At first glance, the group home on Norby Road, near Kiantone, seems a lovely, attractive residence.
It is clearly inviting, with tall trees surrounding it and well-maintained landscaping which gives a cared-for look to the property. You wish to see it inside. Invited in, you see that you have arrived at a place where caring people live. The interior of the house demonstrates good housekeeping. It is immaculate; not a spot of dust or dirt anywhere and when the residents emerge, life turns somewhat enchanting.
This house is known as an ''individualized resident alternative'' and Kae Lachiusa-Kent, the resident director, is an engaging person. She states the elements of the group home and introduces the residents: Heather Potter, 36; Janelle McIntyre, 29; and Rebekah Swart, 32.
From left are Rosemary Nadeau, Carol Hanson, Betty Ryder, Lisa Mattoon, Heather Potter, Janelle McIntyre, Rebekah Swart, Kae Lachiusa-Kent and Nancy Shorterage at the Norby Road Group Home in Kiantone.
From left are Rebekah Swart, Heather Potter and Janelle McIntyre at the recent AMVETS Auxiliary Sock Hop.
They are well-mannered, serious, vivacious women (Kae calls them her ladies) who enjoy and are proud of their home and their association with one another. They are developmentally disabled adults who are ''looking for an alternative to living at home, because they want more independence.''
These are the words of Kae, the director, and all efforts at the home are focused on the ladies achieving this goal. These ladies are mentally and physically challenged. They are taught the basics of maintaining a home and living in harmony with each other. They learn the cooking and housekeeping chores they are responsible for doing. They adhere to the mission statement for The Resource Center; this mission is repeated, in part, here:
''The mission of Residential Services is to provide a home for persons with developmental disabilities, with all the necessary and desired services and supports to achieve integration in the community, increased independence in a variety of areas and a level of productivity based on the unique qualities of each individual.''
Some background on each of those at the home begins with Kae. She is the residential manager with degrees from community colleges in Michigan and Jamestown. She is a certified direct care aide, as are all the staff at the home, and in 1984 she began managing a home on Harris Street with 12 developmentally adults. She lives in Jamestown, is married, says dogs are her hobby and in 2005 came to Norby Road to open and manage the home. She initiated a Norby Road mission statement, part of which bears mentioning: ''We will always remember that we are the role models and persons of trust who are looked to for guidance ... we will continue to teach, nurture and always remember that possibilities are endless.'' She has an admirable energy and devotion to these ladies. Her attention to her responsibilities is awesome.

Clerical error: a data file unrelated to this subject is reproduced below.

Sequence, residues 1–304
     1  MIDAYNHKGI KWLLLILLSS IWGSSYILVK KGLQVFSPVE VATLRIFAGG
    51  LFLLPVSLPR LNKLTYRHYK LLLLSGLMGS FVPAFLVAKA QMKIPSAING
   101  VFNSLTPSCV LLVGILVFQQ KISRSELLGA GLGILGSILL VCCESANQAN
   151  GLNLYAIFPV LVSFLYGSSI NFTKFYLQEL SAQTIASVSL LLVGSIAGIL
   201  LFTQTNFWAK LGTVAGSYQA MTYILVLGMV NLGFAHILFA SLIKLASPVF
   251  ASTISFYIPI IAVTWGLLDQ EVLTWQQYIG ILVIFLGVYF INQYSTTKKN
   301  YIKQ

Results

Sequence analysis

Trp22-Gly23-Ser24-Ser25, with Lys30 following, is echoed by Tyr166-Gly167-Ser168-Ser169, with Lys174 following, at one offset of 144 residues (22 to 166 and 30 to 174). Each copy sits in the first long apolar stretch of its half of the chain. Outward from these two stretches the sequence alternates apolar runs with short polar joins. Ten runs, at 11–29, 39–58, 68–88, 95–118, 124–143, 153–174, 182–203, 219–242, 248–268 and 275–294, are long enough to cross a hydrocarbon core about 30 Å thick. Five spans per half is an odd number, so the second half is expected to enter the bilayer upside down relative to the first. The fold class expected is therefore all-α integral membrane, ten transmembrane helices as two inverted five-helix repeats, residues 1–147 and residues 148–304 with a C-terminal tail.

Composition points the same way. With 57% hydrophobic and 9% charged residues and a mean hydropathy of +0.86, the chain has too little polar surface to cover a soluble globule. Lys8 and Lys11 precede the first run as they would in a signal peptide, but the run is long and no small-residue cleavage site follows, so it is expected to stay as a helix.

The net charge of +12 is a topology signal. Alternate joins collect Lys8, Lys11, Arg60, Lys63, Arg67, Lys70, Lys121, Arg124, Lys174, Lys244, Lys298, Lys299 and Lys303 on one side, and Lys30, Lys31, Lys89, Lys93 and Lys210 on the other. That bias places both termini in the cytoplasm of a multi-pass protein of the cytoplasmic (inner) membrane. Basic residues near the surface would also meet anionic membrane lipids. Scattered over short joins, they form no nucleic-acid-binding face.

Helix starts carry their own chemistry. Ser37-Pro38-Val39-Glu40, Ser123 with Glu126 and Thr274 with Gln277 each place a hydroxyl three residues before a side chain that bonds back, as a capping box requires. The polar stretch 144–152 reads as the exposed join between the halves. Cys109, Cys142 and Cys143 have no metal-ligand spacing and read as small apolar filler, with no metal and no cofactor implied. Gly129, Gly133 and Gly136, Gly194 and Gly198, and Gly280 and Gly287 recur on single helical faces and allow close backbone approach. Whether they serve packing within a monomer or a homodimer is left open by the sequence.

Someone who works competently and happily at Norby Road Group Home is Rosemary Nadeau, friend of this columnist and a true advocate of the good work done by The Resource Center. She says she goes eagerly to work with the ladies, and their closeness to her shows a likewise devotion. She often has the ladies at her home and is planning a Disney World outing with them in the fall.
Heather Potter is a whimsical, talkative and obviously happy woman. Her life here is satisfying to her and she shows her happiness in hugs for everyone.
Janelle loves music, her Playstation and computers. Her electronic skills are talked about by everyone. Though a bit more reserved, she does say, ''I love this beautiful house.''
Rebekah is a serious and thoughtful woman and has intelligent comments when asked. Her one delight, she says, is going out to eat and shopping.
In every sense, the ladies are a contented crew. It must be mentioned that the ladies all have jobs. Rebekah works at The Resource Center and Burger King. Heather works at The Basket Company and The Resource Center, and Janelle works on sewing at The Resource Center. Each of the women receives a paycheck and return some of it to their maintenance but are keen on banking and spending the rest. Sound familiar?
Brenda Johnson, mother of Heather, talks glowingly of Heather's life on Norby Road.
''She has been there for eight years,'' she says, ''and it's the best thing that ever happened to her. She is very independent and they have made her that way. She has blossomed, is confident and is happy to be where she is.''
Brenda states that she did not have the time and energy to work with Heather and as she got older, her mother could tell that others could teach her, work with her and she could accept them as role models. And of course, that is the mission that has been part of Norby Road Group Home. Brenda herself works with occupational health at WCA Hospital.
Kae, the Norby Home director, says that all the parents echo these statements of Brenda; they have all seen significant improvement in their daughters and don't hesitate to tell everyone.
There are 29 homes in the north and south area of Chautauqua County such as this group home on Norby Road. The Resource Center is cognizant of the need and with state aid, they work to provide suitable housing for these disabled people. It is an admirable task. In this age of equality, every person is deemed worthy of whatever our society can provide. It is a revelation to the unknowing person to see that such needs are attended to - and in such a generous way.